Saturday, September 23, 2023  |


The Boxing Esq. Podcast, Ep. 59: Chris Byrd

Fighters Network

The Ring is proud to present “The Boxing Esq. Podcast with Kurt Emhoff”. Emhoff, an attorney based in New York City, is a top boxing manager who has represented over 10 world champions in his 20-plus years in the sport.

His guest on this episode is former two-time heavyweight titleholder Chris Byrd. They talk about Chris’s miraculous recovery from years of debilitating pain from nerve damage in his foot, hip replacement surgery and numerous shoulder problems. They discuss Chris’s new diet and alternative therapies that aided his recovery.

Chris Byrd. Photo from The Ring archive

They also spoke about Chris’s great career from his days in the amateurs and sparring in an 8-by-10-foot ring in his parents’ basement; his trip to the Olympic trials in 1988 and his Olympic silver medal victory in 1992; not getting signed out of the amateurs; and his roundabout path to a world title as a small but avoided heavyweight.

Finally, they go into Chris’s battles with Ike Ibeabuchi, Vitali Klitschko, Wladimir Klitschko, Evander Holyfield, and many more and how he found out that many of his contemporaries were using PEDs.

Below are a few excerpts from the interviews:

On his ten year journey of pain post-boxing career:
“In 2008, I had my last fight in Germany and went to spar with Vitali Klitschko. Just to see about me still boxing. He was a heavyweight champion at the time. So, he called me, asked me if I want to spar with him. He was getting ready for Juan Carlos Gomez. And I’m like, yeah. So I go and spar with him. I weighed 191 pounds while I was sparring. And you know, I’m doing well. So I fought on the card afterward. Okay, I’ll keep boxing. I think I may go down to cruiserweight or whatever. And then a few months later, by September, October, I was still training, but I came down with a little bit of pain in my foot, in my pinky toe.

And I’m like, Hmm, that hurt. And then I go to a foot doctor and he put some tape on it, did certain things to it. It was okay. And then the pain came back like two weeks later – crazy! And that’s when my pain journey started. Man it went downhill from there. The nerve damage started getting bad, affected my whole pinky toe. Then it just started spreading. I moved from Las Vegas to Southern California at that time. And when I got to the San Diego area, it was full-blown. I mean, I was like, Oh my goodness, what is this? It was called neuropathy. And it was my foot, the burning. I was like, Oh my God. I mean, it was so bad starting off. It was that bad.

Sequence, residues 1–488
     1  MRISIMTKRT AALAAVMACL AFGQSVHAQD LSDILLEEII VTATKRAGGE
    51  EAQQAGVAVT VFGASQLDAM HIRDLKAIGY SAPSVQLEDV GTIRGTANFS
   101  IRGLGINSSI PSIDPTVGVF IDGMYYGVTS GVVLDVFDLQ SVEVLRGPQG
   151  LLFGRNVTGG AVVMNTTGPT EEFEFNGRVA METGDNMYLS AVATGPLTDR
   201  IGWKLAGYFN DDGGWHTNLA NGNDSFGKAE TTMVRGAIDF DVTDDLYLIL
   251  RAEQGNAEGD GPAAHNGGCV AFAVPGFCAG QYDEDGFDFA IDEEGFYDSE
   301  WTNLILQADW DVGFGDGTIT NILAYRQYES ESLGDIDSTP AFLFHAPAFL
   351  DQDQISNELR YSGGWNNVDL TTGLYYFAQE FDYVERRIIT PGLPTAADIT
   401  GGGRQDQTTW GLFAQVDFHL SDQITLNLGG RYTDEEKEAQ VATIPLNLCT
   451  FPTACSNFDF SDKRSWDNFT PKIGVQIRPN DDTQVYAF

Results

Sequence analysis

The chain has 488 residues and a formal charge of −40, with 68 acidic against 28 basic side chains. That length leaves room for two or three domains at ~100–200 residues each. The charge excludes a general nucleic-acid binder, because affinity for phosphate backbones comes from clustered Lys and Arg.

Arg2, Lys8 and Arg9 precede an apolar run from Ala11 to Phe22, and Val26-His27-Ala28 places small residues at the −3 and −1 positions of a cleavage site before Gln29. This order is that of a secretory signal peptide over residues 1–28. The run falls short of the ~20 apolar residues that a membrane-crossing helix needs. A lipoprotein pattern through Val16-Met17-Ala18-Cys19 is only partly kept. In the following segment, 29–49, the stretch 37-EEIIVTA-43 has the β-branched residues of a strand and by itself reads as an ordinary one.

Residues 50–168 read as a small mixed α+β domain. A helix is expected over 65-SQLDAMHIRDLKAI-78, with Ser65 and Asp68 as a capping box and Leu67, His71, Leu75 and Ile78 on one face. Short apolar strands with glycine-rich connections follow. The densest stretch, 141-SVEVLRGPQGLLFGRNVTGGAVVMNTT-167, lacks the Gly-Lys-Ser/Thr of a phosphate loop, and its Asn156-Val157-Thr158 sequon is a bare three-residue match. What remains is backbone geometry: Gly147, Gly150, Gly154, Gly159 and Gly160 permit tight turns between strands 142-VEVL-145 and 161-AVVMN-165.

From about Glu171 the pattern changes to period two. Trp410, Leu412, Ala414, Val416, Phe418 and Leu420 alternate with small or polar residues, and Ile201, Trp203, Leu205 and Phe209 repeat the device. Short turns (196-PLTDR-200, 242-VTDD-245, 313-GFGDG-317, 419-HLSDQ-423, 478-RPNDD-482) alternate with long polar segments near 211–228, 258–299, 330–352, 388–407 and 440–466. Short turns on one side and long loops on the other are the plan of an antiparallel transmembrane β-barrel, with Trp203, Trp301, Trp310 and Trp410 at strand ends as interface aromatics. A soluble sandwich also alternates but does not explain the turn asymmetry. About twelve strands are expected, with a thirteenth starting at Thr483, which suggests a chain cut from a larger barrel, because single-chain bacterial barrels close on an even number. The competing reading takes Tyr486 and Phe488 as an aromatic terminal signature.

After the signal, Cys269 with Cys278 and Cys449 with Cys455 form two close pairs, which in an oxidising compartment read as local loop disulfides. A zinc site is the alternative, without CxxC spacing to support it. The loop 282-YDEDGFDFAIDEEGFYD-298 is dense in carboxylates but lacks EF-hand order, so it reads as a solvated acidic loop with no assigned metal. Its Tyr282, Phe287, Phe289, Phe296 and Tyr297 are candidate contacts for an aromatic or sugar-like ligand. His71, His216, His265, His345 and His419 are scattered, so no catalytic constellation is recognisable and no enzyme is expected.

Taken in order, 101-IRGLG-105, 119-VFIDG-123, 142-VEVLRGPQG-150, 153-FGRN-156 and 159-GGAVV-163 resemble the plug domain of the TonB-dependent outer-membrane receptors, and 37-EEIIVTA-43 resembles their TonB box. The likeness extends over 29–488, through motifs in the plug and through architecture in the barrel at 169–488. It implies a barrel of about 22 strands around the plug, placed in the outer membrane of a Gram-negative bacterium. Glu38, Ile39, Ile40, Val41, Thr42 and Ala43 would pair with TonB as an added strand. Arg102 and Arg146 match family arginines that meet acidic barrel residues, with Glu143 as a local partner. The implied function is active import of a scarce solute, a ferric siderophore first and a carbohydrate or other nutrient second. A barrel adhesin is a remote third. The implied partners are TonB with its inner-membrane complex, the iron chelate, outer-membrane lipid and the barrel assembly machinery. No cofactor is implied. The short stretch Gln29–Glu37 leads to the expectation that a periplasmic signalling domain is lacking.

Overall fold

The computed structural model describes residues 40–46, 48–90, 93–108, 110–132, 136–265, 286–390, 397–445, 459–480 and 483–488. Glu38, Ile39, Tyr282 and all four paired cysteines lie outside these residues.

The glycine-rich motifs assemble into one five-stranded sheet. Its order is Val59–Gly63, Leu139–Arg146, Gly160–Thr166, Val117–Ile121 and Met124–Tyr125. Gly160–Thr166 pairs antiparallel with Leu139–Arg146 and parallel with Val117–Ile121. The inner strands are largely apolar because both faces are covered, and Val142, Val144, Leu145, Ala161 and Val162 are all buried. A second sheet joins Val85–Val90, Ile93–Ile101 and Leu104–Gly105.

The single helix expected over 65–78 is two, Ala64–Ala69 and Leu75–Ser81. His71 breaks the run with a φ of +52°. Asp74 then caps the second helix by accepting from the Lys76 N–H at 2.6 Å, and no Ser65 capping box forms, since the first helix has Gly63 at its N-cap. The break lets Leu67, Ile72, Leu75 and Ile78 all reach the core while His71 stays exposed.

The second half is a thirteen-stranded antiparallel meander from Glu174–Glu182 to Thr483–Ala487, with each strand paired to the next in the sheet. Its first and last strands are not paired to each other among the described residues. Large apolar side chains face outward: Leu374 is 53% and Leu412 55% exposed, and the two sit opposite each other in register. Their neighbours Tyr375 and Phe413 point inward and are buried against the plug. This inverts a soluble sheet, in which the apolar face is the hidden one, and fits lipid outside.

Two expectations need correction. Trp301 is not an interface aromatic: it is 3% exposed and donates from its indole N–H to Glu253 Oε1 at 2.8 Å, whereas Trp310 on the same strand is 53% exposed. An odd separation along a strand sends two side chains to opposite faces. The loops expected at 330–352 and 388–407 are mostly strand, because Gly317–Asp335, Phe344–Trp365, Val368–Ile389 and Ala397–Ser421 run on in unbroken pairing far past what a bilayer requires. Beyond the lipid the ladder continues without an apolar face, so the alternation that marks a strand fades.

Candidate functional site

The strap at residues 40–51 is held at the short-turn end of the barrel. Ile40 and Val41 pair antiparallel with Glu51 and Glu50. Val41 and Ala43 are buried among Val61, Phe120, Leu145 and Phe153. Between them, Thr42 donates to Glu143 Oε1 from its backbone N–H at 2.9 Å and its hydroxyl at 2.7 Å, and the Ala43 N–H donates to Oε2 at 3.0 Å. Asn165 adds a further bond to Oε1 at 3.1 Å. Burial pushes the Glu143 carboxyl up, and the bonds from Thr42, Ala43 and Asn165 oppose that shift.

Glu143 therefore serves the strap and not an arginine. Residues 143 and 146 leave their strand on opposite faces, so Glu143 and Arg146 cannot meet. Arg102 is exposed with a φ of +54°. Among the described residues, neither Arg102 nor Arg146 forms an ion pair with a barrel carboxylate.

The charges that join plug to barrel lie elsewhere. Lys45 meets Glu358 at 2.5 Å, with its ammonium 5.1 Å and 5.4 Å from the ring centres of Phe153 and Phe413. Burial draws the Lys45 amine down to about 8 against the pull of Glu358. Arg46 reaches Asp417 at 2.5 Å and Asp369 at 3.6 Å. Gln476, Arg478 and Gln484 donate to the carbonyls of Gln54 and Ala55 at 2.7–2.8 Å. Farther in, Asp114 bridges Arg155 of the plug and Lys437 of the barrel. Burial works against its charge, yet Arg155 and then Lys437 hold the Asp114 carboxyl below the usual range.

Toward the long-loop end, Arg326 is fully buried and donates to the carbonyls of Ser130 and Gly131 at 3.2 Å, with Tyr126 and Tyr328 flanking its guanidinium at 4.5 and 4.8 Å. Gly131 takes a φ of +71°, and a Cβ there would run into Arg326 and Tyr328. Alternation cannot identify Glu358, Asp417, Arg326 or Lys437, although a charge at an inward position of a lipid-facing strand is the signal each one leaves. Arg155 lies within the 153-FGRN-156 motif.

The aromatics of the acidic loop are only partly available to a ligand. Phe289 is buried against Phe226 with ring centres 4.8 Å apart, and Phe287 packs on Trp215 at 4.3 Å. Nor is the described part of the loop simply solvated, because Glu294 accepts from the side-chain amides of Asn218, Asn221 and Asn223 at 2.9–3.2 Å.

Then it got worse. It kept getting worse. And I can’t take prescription drugs. It affects my body. My body is different. Like I like GMO foods. I have allergies. There all kinds of problems with my body because I put on 50 pounds to be a heavyweight. And then I had to stay a heavyweight. The food was causing all kinds of problems. So the food was still causing a lot of problems with the nerve damage. But I didn’t know it was the food causing a lot of the pain because my diet wasn’t really clean. So man, I just started going through it, going to all the doctors everywhere. I mean, I was going to four doctors a week. I’m at the doctor getting all these different treatments, nothing helped. And then they gave me Lyrica.

Then they had me on prescription drugs and I was taking Lyrica. Man – suicidal. I almost got arrested in downtown L.A. I lost my mind – cops surrounded my car. Oh my goodness. My wife looked at me at the time, she said something’s wrong with you. I mean, look what you did. I went off on my nephew and my son, I went crazy. And then after that, I started having all these dreams – suicidal and you know, all this crazy stuff. Then I call a doctor, get off all the meds, get off those medicines that are making me crazy. And then I go to the Mayo Clinic and I thought that would be it. ‘Cause the Mayo Clinic is the spot. I was there for three days. They took all kinds of blood, all kinds of tests, everything.